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Dairy Farming Sustainability – the answer is in the soil

David Atherton of Thomson & Joseph


Sustainable dairy farming is all about producing milk in a way that does not damage the environment—but more than that, brings positive benefits to health all the way up the food chain from soils to human consumers.

Human life is dependent on soils, which supply 95% of our food.  But soils are under pressure like never before, from erosion, compaction and poor soil health, which affects fertility and ultimately crop yields and nutritional quality.

Soil health, which is an indication of soil life, is essential for the proper functioning of soil including:

  • Nutrient release from soil reserves
  • Improving water quality
  • Providing a habitat for biodiversity
  • Sequestering carbon
  • Creating a stable soil structure
  • Supporting high yields of quality grass


For the past 60 years we largely ignored soil health and adopted a “route one” approach to supplying crop nutrients directly from slurry and bagged fertiliser.  This has been an extremely successful model, particularly for growing more grass.  But it has come at a price to the environment.  Water quality has deteriorated, and Greenhouse Gas Emissions from livestock production continue to be a significant contributor to UK emissions.  With a focus on moving towards carbon neutral farming, which is at the heart of the NFU’s “Achieving Net Zero – Farming’s 2040 Goal” strategy, there has been a renewed interest in   restoring soil health, primarily for 2 reasons.  Firstly, soils have a tremendous capacity for sequestering carbon. Soils contain 3x more carbon than all the vegetation on the planet, including trees and 2x more than is in the atmosphere. But increasing carbon “lock up” in soils is dependent on a living, healthy soil.  Secondly, a biologically active “open” soil has the ability to store and filter water, thereby reducing surface run-off and associated pollution.

Soil compaction

Soil compaction is the single most significant threat to soil health and growing more grass and can reduce yields by up to 40% in severe cases.  Even moderate compaction can reduce grass growth rates by around 25%.

Some of the causes of compaction are well known, such as Cattle Poaching and Heavy Machinery.  Less well known is the effect of Heavy Rainfall (short, sharp showers), Slurry and Soil Mineral Imbalances.


The main effect of compaction is reduced grass growth, but there are many other consequences, including:

  • 2.5 X more Nitrogen fertiliser to grow grass
  • Shorter growing season
  • Grass feeding quality is lower, due to reduced nutrient uptake
  • Less soil life due to reduced oxygen levels
  • Poor rooting
  • Increased weed burden

There are also adverse environmental consequences including:

  • Increased risk of nutrient run-off into water courses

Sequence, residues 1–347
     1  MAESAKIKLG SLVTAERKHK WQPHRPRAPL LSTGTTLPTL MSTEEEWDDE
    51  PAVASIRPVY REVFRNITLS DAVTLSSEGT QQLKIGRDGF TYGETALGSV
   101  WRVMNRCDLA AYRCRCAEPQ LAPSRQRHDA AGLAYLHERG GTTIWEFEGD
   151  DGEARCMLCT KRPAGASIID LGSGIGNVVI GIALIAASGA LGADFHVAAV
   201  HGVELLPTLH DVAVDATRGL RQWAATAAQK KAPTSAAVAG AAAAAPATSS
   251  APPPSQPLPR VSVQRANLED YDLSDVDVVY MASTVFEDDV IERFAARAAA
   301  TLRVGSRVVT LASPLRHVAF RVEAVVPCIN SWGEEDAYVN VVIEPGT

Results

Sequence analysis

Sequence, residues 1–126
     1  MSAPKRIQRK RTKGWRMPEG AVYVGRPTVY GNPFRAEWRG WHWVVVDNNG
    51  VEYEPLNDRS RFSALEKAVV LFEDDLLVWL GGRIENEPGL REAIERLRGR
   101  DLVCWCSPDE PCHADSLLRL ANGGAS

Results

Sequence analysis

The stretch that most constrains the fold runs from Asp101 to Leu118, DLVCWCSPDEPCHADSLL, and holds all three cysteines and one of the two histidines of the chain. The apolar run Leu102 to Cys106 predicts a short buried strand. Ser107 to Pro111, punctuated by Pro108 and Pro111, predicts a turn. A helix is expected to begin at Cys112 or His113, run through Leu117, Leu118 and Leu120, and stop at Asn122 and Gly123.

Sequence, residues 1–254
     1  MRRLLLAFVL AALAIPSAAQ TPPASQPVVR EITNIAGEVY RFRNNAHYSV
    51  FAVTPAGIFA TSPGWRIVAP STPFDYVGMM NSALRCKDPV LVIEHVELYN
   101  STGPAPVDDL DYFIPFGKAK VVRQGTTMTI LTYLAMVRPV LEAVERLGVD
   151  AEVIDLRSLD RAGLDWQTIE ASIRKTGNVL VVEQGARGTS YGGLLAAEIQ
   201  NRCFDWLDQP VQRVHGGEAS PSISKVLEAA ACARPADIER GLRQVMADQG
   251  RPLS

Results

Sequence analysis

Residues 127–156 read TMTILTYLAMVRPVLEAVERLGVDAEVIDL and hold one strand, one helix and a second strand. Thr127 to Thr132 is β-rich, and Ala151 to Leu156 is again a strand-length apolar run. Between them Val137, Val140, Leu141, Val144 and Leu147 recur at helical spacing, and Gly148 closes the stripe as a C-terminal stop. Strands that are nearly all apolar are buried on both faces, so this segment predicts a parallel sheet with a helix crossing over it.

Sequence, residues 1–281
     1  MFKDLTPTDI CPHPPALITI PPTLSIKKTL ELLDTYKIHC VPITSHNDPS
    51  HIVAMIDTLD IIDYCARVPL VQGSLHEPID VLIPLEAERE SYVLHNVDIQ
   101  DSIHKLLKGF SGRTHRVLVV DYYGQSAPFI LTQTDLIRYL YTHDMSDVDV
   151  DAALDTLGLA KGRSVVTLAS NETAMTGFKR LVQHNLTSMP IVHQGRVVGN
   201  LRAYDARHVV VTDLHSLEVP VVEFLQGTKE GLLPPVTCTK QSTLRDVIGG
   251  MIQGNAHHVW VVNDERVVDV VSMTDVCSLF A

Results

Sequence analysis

• Flooding due to restricted drainage
  • 30% higher Nitrous Oxide emissions (Greenhouse Gas x300 more potent than Carbon Dioxide)

But the single most important effect of compaction is to kill off soil life, including earthworms.

Three inputs are essential for soil life:  air, food and water.

Food and water are rarely limiting, it is COMPACTION squeezing AIR from the soil and suffocating soil life, that is the greatest threat.

The only way to check the depth and extent of compaction is to dig a hole!

Soil Health Improvement Plan (SHIP)

Soil has three distinctive fractions: physical, chemical, biological

all of which play a role in compaction.  The soil health improvement plan has been developed to tackle each of these fractions.

Physical (Soil) – AERATION/PAN BUSTING on a regular basis (spring and autumn) to disrupt surface compaction (top 6”), improve surface drainage, encourage rooting and allow AIR penetration in support of soil life.

Chemical (Nutrients) – SOIL TEST for lime and available Phosphorus and Potassium, but also measuring Organic Matter and Calcium and Magnesium balance.

Biological (Life) – AEROBICALLY DIGEST SLURRY with microbial inoculants such as BioAg’s DIGEST-IT, to improve  fertiliser nutrient status, reduce Ammonia and switch the microbial balance away from Anaerobic (putrid and smelly) to Aerobic, with good AIR breathing bacteria.


Taking action to reduce compaction by improving all three soil fractions (Physical, Chemical, Biological) creates the conditions for soil life to flourish and for health to be restored, to the benefit of:

  • Higher Grass DM yields and nutritive quality
  • Lower Chemical fertiliser applications, as nutrient utilisation from soil and slurry is improved
  • Better environmental outcomes with a reduced risk of surface run-off and water pollution, and Nitrous Oxide emissions.

Soil Health Improvement Plan (SHIP), a step in the right direction to bring life back into soils in support of sustainable and profitable dairy farming.

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